Standing on the subway, exhausted, dispirited,
glancing over the exhausted, dispirited faces
of my fellow passengers, I read posters
for a new movie about Pompeii.
“How can you breathe when the air is on fire?”
“How can you escape a boiling mudslide?”
“How can you outrun an eruption
faster than this train?” they ask.
Obviously the ad writer has never been
on this train, because this is a Q train,
and anybody who can’t outrun a Q train
must be on death’s doorstep anyway
and will soon be overtaken by time itself,
if not a boiling mudslide, though sometimes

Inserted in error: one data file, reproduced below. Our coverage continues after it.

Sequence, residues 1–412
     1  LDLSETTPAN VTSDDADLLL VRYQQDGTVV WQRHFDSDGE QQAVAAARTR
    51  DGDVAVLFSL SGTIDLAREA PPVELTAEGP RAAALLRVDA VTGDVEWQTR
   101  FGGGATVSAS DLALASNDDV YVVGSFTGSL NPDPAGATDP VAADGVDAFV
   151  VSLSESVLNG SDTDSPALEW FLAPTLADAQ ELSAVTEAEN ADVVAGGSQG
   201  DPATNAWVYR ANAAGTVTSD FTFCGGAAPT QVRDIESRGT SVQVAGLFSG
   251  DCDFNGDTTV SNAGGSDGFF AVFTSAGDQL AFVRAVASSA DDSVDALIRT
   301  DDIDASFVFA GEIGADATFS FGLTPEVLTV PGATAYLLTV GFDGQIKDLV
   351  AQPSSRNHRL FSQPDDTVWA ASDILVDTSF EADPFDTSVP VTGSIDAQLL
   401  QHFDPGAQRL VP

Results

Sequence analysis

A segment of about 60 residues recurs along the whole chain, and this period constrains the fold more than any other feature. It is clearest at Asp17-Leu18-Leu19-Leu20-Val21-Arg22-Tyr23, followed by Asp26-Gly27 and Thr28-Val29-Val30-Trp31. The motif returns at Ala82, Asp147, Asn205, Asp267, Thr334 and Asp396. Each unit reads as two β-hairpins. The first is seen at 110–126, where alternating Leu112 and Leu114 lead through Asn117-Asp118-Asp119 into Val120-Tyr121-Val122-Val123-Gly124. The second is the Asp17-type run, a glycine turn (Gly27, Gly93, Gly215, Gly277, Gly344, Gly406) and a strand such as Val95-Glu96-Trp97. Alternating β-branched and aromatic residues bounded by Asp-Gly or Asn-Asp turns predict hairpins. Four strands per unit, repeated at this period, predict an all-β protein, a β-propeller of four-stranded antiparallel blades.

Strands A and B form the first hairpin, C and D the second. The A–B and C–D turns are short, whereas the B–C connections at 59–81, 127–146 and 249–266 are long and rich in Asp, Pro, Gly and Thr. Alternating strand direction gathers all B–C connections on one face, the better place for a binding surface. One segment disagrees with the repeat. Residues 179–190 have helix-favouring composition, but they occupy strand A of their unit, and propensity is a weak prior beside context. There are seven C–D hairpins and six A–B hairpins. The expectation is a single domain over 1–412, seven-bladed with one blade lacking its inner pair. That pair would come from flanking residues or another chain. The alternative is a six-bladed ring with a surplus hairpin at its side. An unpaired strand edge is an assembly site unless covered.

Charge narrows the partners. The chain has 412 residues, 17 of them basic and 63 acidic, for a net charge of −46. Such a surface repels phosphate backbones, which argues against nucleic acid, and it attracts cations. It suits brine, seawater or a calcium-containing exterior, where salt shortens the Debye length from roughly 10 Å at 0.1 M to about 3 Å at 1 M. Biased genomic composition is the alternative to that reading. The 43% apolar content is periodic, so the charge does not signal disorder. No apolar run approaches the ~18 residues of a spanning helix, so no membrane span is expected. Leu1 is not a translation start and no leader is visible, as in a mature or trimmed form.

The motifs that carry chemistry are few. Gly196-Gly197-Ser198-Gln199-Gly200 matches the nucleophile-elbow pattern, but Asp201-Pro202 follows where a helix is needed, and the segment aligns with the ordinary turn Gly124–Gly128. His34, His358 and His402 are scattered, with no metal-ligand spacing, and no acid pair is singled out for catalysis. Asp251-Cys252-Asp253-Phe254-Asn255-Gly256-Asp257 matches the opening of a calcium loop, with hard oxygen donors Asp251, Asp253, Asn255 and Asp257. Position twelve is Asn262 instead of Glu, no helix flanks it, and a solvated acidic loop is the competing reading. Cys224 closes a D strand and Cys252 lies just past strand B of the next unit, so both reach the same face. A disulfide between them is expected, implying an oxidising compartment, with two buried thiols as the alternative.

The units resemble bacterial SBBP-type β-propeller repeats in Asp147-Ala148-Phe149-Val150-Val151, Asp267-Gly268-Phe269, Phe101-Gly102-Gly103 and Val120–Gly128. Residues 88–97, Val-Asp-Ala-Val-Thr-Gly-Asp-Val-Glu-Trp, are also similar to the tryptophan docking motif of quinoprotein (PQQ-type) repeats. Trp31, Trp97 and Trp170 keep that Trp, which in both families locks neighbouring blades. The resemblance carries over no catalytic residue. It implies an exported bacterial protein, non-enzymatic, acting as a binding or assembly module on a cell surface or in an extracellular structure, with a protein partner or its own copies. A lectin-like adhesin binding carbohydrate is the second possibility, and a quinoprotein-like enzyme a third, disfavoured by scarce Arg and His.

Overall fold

that’s what time feels like, thick
and burning, pushing you on and pulling
you back. And now we rise creaking
over the Manhattan Bridge, where
one can see through scratchy windows
the city skyline and the buildings that are
not there, where thousands tried
to breathe air on fire and failed,
tried to flee an avalanche of concrete
and falling bodies and failed.
If only they’d been asked to outrun something
as slow as this slow train that takes us home—
how easily they might have done it.
But that is not what they were asked to do.


–from Help Is on the Way; first published in Poetry